The West Nile virus has infected nearly 200 people across the Metroplex, with at least five deaths reported. And of all the North Texas counties, Denton was the first to report a human case of West Nile in May.
Denton County now has 42 human cases of the virus on the books and some have been serious enough to hospitalize victims.
County Health Director Dr. Bing Burton explained some possible reasons for the increased numbers.
“It may be that one of the reasons that we have lots more cases showing up is we’re staying in real close contact with our medical providers,” he said. “We’re getting very good reporting. We’re getting reports from all the labs and so we believe that we’re just right on top of the cases that are occurring.”
Health officials say the number of 2012 West Nile Virus cases should be considered a major public health concern. Officials with the Centers for Disease Control and Prevention believe this could be the worst mosquito season in decades.
“It certainly is possible that we haven’t seen the peak yet. That really remains to be seen,” Burton said. “It’s [West Nile] maybe the disease of the year. It’s not one that we expected to see in such large numbers and so we’re certainly trying to respond to it appropriately.”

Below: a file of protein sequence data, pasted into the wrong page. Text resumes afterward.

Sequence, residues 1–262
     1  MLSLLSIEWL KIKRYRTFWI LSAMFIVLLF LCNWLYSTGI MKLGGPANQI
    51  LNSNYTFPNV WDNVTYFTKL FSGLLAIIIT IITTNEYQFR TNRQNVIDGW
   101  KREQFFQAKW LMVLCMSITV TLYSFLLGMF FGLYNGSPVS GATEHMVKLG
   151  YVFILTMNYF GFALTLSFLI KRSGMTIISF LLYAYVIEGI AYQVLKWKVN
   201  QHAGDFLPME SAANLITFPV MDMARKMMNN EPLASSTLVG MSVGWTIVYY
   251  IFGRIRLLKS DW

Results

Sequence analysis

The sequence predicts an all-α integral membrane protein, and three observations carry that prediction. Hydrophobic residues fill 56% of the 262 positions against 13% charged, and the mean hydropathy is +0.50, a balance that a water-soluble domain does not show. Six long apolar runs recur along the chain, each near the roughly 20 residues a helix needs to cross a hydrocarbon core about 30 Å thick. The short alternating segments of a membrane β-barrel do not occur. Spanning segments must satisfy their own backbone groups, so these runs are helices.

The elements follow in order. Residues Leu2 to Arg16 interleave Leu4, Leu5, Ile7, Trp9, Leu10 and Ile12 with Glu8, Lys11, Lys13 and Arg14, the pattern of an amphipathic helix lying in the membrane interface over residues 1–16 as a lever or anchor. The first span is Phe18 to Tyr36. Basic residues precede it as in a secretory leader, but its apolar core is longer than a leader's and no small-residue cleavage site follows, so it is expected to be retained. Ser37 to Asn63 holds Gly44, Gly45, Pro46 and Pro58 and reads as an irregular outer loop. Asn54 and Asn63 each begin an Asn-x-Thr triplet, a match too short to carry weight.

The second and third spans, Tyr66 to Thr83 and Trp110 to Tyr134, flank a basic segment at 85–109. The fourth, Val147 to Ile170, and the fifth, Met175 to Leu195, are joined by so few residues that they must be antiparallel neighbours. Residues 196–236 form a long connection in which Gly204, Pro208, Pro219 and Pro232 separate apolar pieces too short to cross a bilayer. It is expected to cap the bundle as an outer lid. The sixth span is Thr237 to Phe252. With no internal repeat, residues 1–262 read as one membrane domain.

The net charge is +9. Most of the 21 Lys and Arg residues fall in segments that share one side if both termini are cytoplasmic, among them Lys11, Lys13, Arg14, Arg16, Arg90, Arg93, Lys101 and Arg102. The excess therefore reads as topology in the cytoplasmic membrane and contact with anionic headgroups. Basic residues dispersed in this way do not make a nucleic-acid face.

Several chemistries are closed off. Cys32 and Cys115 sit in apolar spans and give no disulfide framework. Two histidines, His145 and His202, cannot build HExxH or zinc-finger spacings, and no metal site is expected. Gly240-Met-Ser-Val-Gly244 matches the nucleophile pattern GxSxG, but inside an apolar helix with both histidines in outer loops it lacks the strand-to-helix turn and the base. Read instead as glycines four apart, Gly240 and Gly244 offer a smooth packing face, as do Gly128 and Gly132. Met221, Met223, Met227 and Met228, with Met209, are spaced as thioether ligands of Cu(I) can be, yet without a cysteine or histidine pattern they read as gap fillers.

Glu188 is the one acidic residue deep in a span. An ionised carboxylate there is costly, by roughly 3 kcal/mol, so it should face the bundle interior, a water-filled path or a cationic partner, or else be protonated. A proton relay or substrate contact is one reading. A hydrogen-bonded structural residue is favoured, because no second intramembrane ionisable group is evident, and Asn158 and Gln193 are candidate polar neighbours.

Back when the first case of West Nile was reported in the county, Denton County Health Department Chief Epidemiologist Juan Rodriguez made it a point to stress that not every mosquito bite results in illness.
“Not every mosquito carries the virus, and less than 1-percent of the bites from mosquitoes that do have the virus actually cause serious illness.”
Most people infected with West Nile virus experience only mild, flu-like symptoms that last a few days. Symptoms usually appear within 3 to 14 days of infection, according to the Centers for Disease Control and Prevention.
The more severe form of the West Nile virus, West Nile Neuroinvasive Disease, occurs when the virus crosses the blood-brain barrier. Symptoms may include headache, high fever, neck stiffness, stupor, disorientation, coma, tremors, convulsions, muscle weakness, and paralysis.
As of Tuesday, Denton County health officials reported 24 cases of West Nile fever and 18 cases of the more serious West Nile Neuroinvasive Disease.
The symptoms of West Nile virus may resemble other conditions or medical problems. If you experience flu-like symptoms this summer, assume the worst and request a test for West Nile.
Health professionals advise that, to protect against mosquito bites and potential infection, you should:
• Stay indoors at dawn, dusk and in the early evening
• Wear long-sleeved shirts and long pants when outdoors
• Spray clothing with repellents containing permethrin or DEET
• Repair or replace all screens in your home that have tears or holes
• Eliminate standing water that collects on your property
Some of the content in this article courtesy of CBSDFW.COM.